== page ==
10  Republicans: Silent Cal  “Keep cool and keep Coolidge”  Democrats: John Davis  Corporate lawyer  La Fallette’s new Progressive platform called for government ownership of RR’s and relief for farmers  Coolidge wins in a landslide

11  US reverts to isolationism in the world, except in Latin America  Intervened in Caribbean and Central America  America goes from being debtor prior to and during WWI to leading creditor  Loaned $10 billion to European countries in 1920s

12  Hyperinflation in Germany: loaf of bread costs $480 million  ***Dawes Plan of 1924***  Not to be confused with Dawes Severalty Act  Rescheduled German reparation loans  US banks loaned $ to Germany -> pays Britain and France -> pays loans back to US Treasury  Simply a circle of $ - ends with stock market crash of 1929

13  Republicans: “Hoo but Hoover?” – Coolidge does not run again  Democrats: Alfred Smith -> Roman Catholic  Hoover preached “Rugged individualism”  Belief that individuals can succeed on hard work and dedication  Self-made millionaire  “A vote for Al Smith is a vote for the Pope”

14  Federal Farm Board  Helped farmers buy, sell, and store agricultural supplies  ***Hawley-Smoot Tariff of 1930***  Designed to assist farmers  Becomes the highest protective tariff in nation’s peacetime history Previous highest peace-time tariff????  “Economic warfare” on other nations  Other nations, in turn, create high tariffs on US products

15  Speculative bubble got too big  “Black Tuesday” October 29, 1929  By end of 1929, $40 billion was lost  By end of 1930, 4 million were jobless, by 1932, 12 million  The economic system was broken, not necessarily individual initiative

16  Causes of Depression:  Overproduction by farmers and factories  Consumption of goods decreased  Uneven distribution of wealth: not enough money going into wages and salaries of workers  Overexpansion of credit  Hawley-Smoot tariff discouraged trade, which made depression worse  Unusual drought in Mississippi Valley  “Ragged individualists” sleep under “Hoover Blankets” in “Hoovervilles”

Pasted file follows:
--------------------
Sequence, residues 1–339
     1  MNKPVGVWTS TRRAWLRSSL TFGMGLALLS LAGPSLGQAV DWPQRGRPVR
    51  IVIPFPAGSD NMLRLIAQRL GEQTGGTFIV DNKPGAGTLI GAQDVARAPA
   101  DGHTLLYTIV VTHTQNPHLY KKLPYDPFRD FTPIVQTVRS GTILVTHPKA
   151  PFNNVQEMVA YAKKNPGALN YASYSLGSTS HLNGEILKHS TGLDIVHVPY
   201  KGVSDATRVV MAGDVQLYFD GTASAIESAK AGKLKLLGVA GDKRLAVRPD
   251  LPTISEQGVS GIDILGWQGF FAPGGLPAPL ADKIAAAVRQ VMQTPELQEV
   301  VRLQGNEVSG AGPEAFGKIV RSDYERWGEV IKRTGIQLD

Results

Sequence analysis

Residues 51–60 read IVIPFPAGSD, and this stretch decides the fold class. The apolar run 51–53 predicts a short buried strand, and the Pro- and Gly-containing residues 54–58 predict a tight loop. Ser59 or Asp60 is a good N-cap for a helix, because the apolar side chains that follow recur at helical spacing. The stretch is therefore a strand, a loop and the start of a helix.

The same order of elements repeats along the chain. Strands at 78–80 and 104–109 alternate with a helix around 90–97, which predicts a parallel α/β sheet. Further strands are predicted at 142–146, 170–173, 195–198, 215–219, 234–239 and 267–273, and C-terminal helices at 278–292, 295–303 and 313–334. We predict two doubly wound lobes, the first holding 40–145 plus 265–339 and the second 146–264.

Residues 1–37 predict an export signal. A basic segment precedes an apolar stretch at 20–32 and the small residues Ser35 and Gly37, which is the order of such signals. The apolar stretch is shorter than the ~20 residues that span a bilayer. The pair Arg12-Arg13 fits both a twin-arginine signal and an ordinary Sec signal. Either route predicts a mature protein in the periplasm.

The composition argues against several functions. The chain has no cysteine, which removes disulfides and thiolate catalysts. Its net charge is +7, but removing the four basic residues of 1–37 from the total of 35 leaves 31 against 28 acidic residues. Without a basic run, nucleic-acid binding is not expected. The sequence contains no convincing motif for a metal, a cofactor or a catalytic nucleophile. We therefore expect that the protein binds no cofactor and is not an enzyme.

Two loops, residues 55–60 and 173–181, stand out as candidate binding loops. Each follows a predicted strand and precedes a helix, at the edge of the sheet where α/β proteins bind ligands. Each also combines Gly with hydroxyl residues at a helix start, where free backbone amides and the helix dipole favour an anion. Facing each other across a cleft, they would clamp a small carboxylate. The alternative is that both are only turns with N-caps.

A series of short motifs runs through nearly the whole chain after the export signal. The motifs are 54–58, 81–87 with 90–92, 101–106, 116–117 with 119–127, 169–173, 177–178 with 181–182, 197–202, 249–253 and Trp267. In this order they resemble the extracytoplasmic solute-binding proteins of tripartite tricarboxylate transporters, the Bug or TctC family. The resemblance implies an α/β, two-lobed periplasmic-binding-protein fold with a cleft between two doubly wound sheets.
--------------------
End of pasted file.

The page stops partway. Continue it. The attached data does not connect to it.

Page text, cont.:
17  Reconstruction Finance Corporation  Government lending bank  Assisted insurance companies, banks, RR’s, etc.  Norris – La Guardia Act  Outlawed “yellow dog” contracts and forbade federal courts from interfering with strikes, boycotts, etc.

18  WWI Veterans were hit hard during Depression  “Bonus Expeditionary Force” (BEF)  Descends upon D.C. in hopes of receiving their bonuses  Set up “Hoovervilles”  Hoover ordered army (led by MacArthur) to break up “Bonus Army”  Bonus Army eventually leaves, taints Hoover even more

19  Japan, in need of natural resources (oil and rubber) invade China, and do so brutally (Rape of Nanjing)  What Pact did this violate that many countries agreed to only a few years before?  Stimson Doctrine (1932)  US would not recognize any territory gained by force  US and other countries do not stand up to Japan  Foreshadow of things to come with Hitler  APPEASEMENT!